Eesti Energia cancels the price increase for small producers planned for 1 March


Eesti Energia decided to cancel the changes to electricity buyback agreements for small producers planned for 1 March in order to take more time to inform their customers about the background of the changes. The proposed change would have affected 4,128 customers. Eesti Energia has a total of 8,000 small producer metering points.

"We understand from customer feedback that such changes need more time and explanation. In the current economic situation and in the era of high energy prices, any change related to electricity is a very sensitive topic and requires a thorough explanation. I admit that I and my team have informed our customers too little ahead about the nature of the change, and therefore we thought it was right to take a step back," said Agnes Roos, member of the board responsible for Eesti Energia's customer services.

"Small producers as our customers are the leaders of the green revolution, so they deserve transparent and caring communication," said Roos, emphasizing that the current disapproval of customers is understandable, and apologizing on behalf of the team. "We are taking more time for deeper analysis, for creating background knowledge for customers, and for better collaboration. Our desire is to boost the development of renewable energy in Estonia and to support our customers, including to raise their awareness," she added.

While the company had approximately 1,300 small producers in their portfolio in 2020, there were more than 5,000 of them by the end of last year. In 2022, Eesti Energia's small producers supplied 155 GWh of electricity to the power network, for which Eesti Energia paid them a total of €32.4 million.

"Microgeneration has become a significant part of electricity production. The market we operated in three years ago and the one we face today are radically different. The biggest work and challenge for us is day-ahead forecasting of balance energy," Roos explained.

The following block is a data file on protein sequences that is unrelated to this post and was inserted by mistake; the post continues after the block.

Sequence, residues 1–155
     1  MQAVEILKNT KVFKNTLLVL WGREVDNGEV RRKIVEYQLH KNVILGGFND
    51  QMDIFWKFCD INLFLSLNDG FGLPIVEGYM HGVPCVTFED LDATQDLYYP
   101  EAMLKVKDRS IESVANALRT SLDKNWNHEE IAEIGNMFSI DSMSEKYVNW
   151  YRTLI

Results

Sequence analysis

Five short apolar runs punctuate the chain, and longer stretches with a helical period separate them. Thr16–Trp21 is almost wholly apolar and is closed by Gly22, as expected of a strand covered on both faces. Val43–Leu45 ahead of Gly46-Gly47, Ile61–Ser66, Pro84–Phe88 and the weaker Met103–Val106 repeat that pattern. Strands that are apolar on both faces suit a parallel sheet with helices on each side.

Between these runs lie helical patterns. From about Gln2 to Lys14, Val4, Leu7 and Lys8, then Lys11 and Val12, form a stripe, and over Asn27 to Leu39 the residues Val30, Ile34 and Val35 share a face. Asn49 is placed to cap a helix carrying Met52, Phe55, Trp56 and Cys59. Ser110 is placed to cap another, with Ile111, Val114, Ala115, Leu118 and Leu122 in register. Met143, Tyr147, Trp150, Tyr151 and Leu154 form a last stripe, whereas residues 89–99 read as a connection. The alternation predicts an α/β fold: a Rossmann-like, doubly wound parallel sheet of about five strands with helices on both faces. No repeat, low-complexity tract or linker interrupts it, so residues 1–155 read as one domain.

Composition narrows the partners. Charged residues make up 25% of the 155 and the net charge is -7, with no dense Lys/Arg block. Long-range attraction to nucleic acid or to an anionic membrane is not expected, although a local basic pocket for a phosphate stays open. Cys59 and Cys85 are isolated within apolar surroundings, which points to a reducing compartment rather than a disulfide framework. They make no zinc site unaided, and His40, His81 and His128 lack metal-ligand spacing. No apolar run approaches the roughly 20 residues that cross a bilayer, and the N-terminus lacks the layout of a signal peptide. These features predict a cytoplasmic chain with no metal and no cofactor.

Electricity sellers are not just mediators of electricity between the market and customers as it is believed. Every day, electricity sellers have to forecast and buy electricity for the next day from the electricity exchange with hourly accuracy to cover the consumption and production of their customers. If not enough electricity has been purchased for the customers, electricity sellers will have to buy more from the balance market at higher prices. If electricity is left over, it must be sold on the balance energy market at significantly lower prices. The difference between the forecast and reality is what determines the cost of balance energy. This cost is priced as a balance energy cost in the customers' electricity buyback margin.

"Forecasting for small producers is the most difficult, because first of all, you have to forecast both the customer's consumption and production. Secondly, the fact that their number on the energy market has grown exponentially makes it difficult to predict their behaviour, and making even the slightest wrong forecast means a big impact," Roos explained.

According to her, one of the main balance energy cost generators is the difference between electricity exchange prices and balance energy prices. The average difference between the exchange price and the balance price in 2020 was 29 €/MWh, while 54 €/MWh in 2021 and 189 €/MWh in 2022. The difference between exchange and balance energy has increased more than sixfold in the last three years. This means that each wrongly forecasted unit of energy generates more than six times higher costs for electricity sellers.